Original title: The new EU law is a masterpiece: exposed that Apple is testing the USB-C interface iPhone, and the 10-year history of Lightning will usher in the curtain
IT House May 14 news, Apple in 2012 in the United States San Francisco Yerba Buena Convention Center released the iPhone 5 with the new Lightning Dock interface and the same generation of iPod.
It's an interface that users love and hate, and it uses an 8-pin front, pluggable on both sides and a size similar to Micro USB, replacing apple's long-used 30-pin connector. In addition, Apple also provides an adapter for the convenience of users after switching interfaces.
IT Home learned that apple released the first generation of iPhone in 2007 using a 30pin interface, until 2012 iPhone 5 release to use the Lightning interface, Lightning interface has been nearly 10 years old.
On Wednesday, Apple analyst Ming-Chi Kuo tweeted his guess that Apple would consider moving the iPhone 15 series from the Lightning port to the USB-C interface in 2023. Now, Bloomberg's Mark Gurman confirmed the move, citing "people familiar with the situation" that Apple is already testing the new machine.
Some media believe that Apple is testing the Type-C interface of the iPhone may be because it is currently facing EU legislation to force the use of USB-C interface, but the scientific iPhone will not be replaced by 2023.
Previously, analyst Guo Mingxi believed that switching to the USB-C interface can improve the transmission and charging speed of the iPhone, but the specific specifications depend on how iOS supports it.
Bloomberg Mark Gurman:
In addition to being tested with USB-C models in recent months, Apple is also working on a new adapter that will allow future iPhones to use accessories designed for existing Lightning interfaces, people familiar with the matter said. Because the matter was confidential, the source declined to be named.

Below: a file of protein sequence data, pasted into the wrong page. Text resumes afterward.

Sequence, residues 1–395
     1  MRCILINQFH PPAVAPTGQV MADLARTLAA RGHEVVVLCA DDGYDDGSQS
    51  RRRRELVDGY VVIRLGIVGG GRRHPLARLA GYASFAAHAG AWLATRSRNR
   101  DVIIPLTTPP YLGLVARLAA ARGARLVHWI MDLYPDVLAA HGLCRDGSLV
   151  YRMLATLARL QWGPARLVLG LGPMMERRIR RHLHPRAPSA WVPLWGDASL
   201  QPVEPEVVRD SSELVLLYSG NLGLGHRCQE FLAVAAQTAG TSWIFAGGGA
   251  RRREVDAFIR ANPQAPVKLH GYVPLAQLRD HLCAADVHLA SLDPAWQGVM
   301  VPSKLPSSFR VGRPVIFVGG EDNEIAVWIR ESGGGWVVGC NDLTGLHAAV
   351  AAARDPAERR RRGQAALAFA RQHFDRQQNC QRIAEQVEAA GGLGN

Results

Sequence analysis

If Apple continues on this road, it will not be until 2023 at the earliest (before the usb-C interface of the iPhone can be launched). Apple plans to keep the Lightning interface on this year's new model (the iPhone 14 series).
The USB-C connector is slightly larger than the Lightning connector, but can provide faster charging speeds and data transfer rates... But most Apple accessories — including AirPods, Apple TV remotes, MagSafe batteries and MagSafe Duo chargers — will still use Lightning. So Apple is still developing a USB-C adapter to alleviate this problem, but it's unclear whether Apple will attach it to the box or make users pay for it extra.
There are also many third-party accessories, such as chargers, car adapters, and external microphones that use the existing Lightning interface, and as the USB-C interface transitions, Apple will force third-party vendors to redesign their products.
As for why you're asking Why Apple suddenly figured it out, a key reason is that the European Union decided to force phone and other device makers to adopt USB-C ports. In April of this year, legislation on this requirement was passed... It's unclear whether Apple will abandon the USB-C interface if the new European bill fails to materialize.
In any case, Apple has now begun to test the new USB-C interface of the iPhone, and it is expected that Apple's iPhone without an interface will also appear one day in the future.
In fact, Apple provided feedback to the European Commission as early as 2018 on the issue of USB-C:
Apple stands for innovation and will drive consistency across all smartphones with built-in connectors, a behavior that denies innovation rather than encourages it. Such a proposal is detrimental to the environment and causes unnecessary disruption to customers.
More than 1 billion Apple devices already use Lightning connectors, and we have a complete ecosystem of accessory and device manufacturers who use Lightning to serve our mutual customers.
We want to make sure that any new legislation doesn't result in every device coming with any unnecessary cables or external adapters, or making devices and accessories used by millions of European users and hundreds of millions of Apple users worldwide "obsolete." This will lead to an unprecedented amount of e-waste, cause great inconvenience to users, and disrupt this huge market, the consequences of which will go far beyond the set goals of the European Commission.
It is worth mentioning that in order to protect the environment, Apple has cut off the accessories of Apple's mobile phone on this basis when launching the iPhone 12 series in 2020, leaving only a mobile phone and a data cable in the entire package.